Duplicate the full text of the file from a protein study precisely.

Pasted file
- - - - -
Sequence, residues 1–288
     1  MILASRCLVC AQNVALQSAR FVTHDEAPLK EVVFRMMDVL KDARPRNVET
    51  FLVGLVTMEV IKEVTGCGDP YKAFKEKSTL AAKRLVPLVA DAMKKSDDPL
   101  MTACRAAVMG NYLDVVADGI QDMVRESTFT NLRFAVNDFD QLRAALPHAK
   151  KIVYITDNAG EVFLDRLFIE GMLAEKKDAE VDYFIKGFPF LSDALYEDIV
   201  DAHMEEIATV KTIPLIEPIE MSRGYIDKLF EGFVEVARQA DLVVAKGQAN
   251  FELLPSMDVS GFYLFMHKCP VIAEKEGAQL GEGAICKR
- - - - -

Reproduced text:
Sequence, residues 1–288
     1  MILASRCLVC AQNVALQSAR FVTHDEAPLK EVVFRMMDVL KDARPRNVET
    51  FLVGLVTMEV IKEVTGCGDP YKAFKEKSTL AAKRLVPLVA DAMKKSDDPL
   101  MTACRAAVMG NYLDVVADGI QDMVRESTFT NLRFAVNDFD QLRAALPHAK
   151  KIVYITDNAG EVFLDRLFIE GMLAEKKDAE VDYFIKGFPF LSDALYEDIV
   201  DAHMEEIATV KTIPLIEPIE MSRGYIDKLF EGFVEVARQA DLVVAKGQAN
   251  FELLPSMDVS GFYLFMHKCP VIAEKEGAQL GEGAICKR